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while I admire your candor here's something that compels me NOT to get excited about Vista;

1) removal of WINFS, which was to be a flagship icon for an enhancement from XP. Now? we have WINFS coming to WinXP within the next year.

2) the vista vector graphics, which were to be revolutionary for windows. Now I understand it's NOT going to be vector based.

overall, I've read in numerous forums of all those features that were to make it compelling to upgrade to Vista.

3) DRM (digital rights Management) No thank you...I don't need to have someone tell me what to do/ not do on my PC.Where does this put MS? right up there with Yahoo turning names over to chinese authorities for prosecution. downright rediculous.

I buy my PC to use it as I want to. Bill Gates must be getting a good blow##b for adding DRM into PC's.

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while I admire your candor here's something that compels me NOT to get excited about Vista;

1) removal of WINFS, which was to be a flagship icon for an enhancement from XP. Now? we have WINFS coming to WinXP within the next year.

2) the vista vector graphics, which were to be revolutionary for windows. Now I understand it's NOT going to be vector based.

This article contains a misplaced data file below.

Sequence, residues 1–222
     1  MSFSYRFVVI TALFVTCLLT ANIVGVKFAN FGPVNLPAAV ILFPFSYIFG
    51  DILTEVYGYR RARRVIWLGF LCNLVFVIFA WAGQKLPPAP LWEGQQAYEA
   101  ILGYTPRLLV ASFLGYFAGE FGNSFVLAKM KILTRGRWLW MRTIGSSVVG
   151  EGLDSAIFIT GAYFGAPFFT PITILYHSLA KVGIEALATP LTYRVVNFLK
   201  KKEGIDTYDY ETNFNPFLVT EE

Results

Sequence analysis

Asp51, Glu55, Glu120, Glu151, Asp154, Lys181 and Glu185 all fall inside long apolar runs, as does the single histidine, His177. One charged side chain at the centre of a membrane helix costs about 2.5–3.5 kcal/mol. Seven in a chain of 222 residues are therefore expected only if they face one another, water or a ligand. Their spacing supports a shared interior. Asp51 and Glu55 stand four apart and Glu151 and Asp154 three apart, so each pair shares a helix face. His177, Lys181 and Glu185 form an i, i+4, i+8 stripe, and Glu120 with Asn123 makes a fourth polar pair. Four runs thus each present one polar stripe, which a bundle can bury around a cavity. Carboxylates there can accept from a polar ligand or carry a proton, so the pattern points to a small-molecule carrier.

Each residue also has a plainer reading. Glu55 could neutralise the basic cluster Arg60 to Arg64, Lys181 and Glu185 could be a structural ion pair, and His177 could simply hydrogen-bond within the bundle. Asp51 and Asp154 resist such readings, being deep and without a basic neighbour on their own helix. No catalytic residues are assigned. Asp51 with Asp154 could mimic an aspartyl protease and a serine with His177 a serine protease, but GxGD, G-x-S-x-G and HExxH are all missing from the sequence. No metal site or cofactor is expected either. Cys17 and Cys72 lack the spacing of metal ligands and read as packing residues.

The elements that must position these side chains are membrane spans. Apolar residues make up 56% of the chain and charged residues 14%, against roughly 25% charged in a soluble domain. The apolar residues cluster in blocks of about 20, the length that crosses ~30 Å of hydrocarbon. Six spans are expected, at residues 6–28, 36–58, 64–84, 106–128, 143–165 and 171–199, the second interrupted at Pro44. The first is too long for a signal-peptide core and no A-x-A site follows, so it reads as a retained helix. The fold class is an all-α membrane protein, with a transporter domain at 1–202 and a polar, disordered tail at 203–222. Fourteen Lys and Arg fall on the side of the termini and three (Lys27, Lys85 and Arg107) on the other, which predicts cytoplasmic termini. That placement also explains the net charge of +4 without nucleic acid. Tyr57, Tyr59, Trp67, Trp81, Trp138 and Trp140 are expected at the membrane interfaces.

overall, I've read in numerous forums of all those features that were to make it compelling to upgrade to Vista.

3) DRM (digital rights Management) No thank you...I don't need to have someone tell me what to do/ not do on my PC.Where does this put MS? right up there with Yahoo turning names over to chinese authorities for prosecution. downright rediculous.

I buy my PC to use it as I want to. Bill Gates must be getting a good blow##b for adding DRM into PC's.

Yeah...It's keeping his sorry ass out of anti-trust court.

Right now, with the key features we were promised for Vista not being there, and some of them coming to XP, there is no reason to spend the money he wants for this POS on something that was made to resemble a MAc.

That's what the graphics look like to me anyway.

It's just another bloated version of XP with the same features XP has now, and in the near future, what is sad is, XP will have the same features, and we won't have to give that greedy ###### a dime.